• Malcolm Ramsay April 19, 2011, 10:59

    Since they’re both of Greek origin (“Milky Way” deriving from “Galaxias”), how about Andromaxias?

  • Malcolm Ramsay April 19, 2011, 10:59

    Or “Galomeda”?

  • Ronald April 20, 2011, 12:30

    While actual collisions of stars will be extremely rare due to the enormous distances between the individual stars, the future merger of the MW with Andromeda will still have at least one enormous impact on its future composition: it is known that the elliptical galaxies resulting from a merger of two (or more) galaxies go through a relatively very short period of very accellerated star formation, a true burst. It is, as it were, as if such an elliptical galaxy uses up most of its remaining hydrogen reserves for star formation very quickly, followed then by very low star formation for the remainder of its existence.
    This in turn would have profound consequences for the possibilities of future life and intelligence in such a galaxy: the sunlike stars would be gone relatively quickly and eventually the galaxy would consist almost exclusively of long-lived red and orange-red dwarfs.

    Furthermore, I think that in about 100 gy most if not all of the galaxies in our supercluster, the Virgo supercluster, will have merged into one supergalaxy, since, if I am not mistaken, all galaxies in one supercluster are gravitationally bound and the universe is expanding only at the level beyond the supercluster (i.e. the different superclusters are moving apart).

    There was an interesting article in Scientific American about this topic in March 200b, by Krauss & Scherrer (also mentioning Loeb), called “The End of Cosmology?”.

    Anyway, it looks as if the 7x present age of the universe and beyond will consist mainly of long-lived red and orange-red dwarfs (roughly K5 and later), so I hope that earthlike planets and life are possible around such stars.
    Unless a very advanced civilization would be able to merge individual stars to bigger ones, in which case such red dwarfs would constitute a magnificent long-term and low-waste ‘cosmic reserve’.

  • hiro April 20, 2011, 16:20

    We don’t even know what the Great Attractor really is; predicting the dynamic of the local universe in 1trillion years from now in detail is just hopeless. By the way, we aren’t the only player in town, I believe there are some advanced civilizations in Virgo and nearby superclusters (Coma, Hydra-Centaurus, Perseus-Pisces, Shapley etc…) and human species is either extinct or becoming software mind.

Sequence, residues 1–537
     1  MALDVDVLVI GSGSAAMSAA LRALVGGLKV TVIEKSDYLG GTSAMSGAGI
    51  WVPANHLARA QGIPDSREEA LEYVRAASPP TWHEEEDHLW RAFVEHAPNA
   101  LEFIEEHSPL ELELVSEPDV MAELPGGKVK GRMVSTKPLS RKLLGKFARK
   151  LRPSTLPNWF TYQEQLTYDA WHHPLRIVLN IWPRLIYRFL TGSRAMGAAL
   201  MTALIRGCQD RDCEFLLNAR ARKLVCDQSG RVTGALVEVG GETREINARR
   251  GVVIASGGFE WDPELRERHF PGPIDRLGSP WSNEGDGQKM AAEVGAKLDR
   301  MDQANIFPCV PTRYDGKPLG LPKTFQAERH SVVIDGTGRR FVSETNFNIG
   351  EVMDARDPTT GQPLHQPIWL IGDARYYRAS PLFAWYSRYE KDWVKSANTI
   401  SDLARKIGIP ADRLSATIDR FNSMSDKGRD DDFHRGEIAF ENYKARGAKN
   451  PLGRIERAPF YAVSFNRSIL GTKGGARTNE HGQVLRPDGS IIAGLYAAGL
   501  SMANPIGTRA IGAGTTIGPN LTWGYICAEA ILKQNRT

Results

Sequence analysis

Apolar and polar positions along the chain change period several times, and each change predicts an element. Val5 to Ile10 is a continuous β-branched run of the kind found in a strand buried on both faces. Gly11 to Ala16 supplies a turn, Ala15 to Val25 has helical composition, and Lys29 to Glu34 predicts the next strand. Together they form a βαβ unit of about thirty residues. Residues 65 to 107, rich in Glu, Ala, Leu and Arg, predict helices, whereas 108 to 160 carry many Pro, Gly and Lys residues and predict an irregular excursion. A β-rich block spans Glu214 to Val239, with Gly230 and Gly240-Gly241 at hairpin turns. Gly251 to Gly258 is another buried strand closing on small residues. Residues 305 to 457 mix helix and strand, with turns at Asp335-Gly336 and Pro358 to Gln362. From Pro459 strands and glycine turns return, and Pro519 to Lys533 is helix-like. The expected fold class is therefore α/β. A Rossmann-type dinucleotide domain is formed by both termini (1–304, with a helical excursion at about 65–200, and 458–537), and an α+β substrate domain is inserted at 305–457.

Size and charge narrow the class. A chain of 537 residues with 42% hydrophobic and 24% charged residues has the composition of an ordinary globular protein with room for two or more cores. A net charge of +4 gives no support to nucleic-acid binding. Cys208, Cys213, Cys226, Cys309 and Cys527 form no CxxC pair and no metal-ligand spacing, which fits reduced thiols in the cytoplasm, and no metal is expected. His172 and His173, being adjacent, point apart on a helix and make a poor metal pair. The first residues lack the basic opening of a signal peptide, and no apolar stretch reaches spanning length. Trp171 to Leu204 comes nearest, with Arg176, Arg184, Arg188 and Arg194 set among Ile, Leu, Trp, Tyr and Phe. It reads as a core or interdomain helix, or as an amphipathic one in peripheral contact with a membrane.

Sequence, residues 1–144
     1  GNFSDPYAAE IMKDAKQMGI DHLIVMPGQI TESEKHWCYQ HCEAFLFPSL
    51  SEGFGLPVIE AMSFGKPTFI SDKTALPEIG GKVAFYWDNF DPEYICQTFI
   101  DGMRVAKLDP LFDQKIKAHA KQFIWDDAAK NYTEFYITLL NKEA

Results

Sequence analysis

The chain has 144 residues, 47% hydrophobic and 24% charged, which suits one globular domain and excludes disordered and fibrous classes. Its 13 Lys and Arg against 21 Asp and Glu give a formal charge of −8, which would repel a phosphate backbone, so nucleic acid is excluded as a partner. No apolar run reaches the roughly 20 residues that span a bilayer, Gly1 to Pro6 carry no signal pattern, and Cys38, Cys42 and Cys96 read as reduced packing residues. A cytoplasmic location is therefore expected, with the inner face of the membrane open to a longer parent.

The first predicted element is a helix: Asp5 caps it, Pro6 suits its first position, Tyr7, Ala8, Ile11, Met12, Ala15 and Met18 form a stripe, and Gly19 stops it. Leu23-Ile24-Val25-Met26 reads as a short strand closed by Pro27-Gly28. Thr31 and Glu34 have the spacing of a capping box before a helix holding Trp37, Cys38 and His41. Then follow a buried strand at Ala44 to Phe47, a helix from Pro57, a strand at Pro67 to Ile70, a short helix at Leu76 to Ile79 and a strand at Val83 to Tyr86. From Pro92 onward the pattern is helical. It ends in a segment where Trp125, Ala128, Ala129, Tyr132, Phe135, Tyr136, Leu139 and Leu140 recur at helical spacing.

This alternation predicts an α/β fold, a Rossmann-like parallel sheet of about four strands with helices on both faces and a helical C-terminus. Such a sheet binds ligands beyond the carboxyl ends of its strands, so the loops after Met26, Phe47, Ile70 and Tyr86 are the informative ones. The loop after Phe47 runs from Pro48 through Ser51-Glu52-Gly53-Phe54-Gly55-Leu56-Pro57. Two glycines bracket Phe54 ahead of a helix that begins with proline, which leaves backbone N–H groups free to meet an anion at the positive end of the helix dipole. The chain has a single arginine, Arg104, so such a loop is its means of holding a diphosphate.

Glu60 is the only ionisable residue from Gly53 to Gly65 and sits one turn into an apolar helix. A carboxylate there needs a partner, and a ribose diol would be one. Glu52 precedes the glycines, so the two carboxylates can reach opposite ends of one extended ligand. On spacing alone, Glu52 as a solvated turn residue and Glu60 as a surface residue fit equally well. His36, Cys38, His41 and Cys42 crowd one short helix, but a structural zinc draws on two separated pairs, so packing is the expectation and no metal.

• ljk April 20, 2011, 17:21

    Ronald, to go much further than what you describe above, if the Universe just keeps spreading apart and there is no Big Crunch or Brane Smack, one day there will only be massive (and I mean massive) black holes left. Even they will one day evaporate, leaving the Universe with a few random atoms and protons bouncing around in a void that makes our current intergalactic voids look like tight quarters by comparison.

    Now it has been shown that advanced civilizations can use black holes both for energy and as a place to dump their waste. In fact the process of getting rid of their excess into the black hole is what will power their societies circling the celestial monstrosities at a safe distance, of course. So any beings left in that utterly distant epoch may at least last as long enough as the black holes do. After that they better hope there are other, younger universes they can get to or make their own baby universe and hop into it. I will also presume that most advanced ETI which could escape the end of our Universe will probably do so long before things get really, literally dark.

    Winding things back to just a mere few billion years from now, I hope our Milky Way – Andromeda Galaxy merger – whatever it may be called – will look as pretty as the one captured and just released by the HST team here:


  • Mike April 21, 2011, 15:19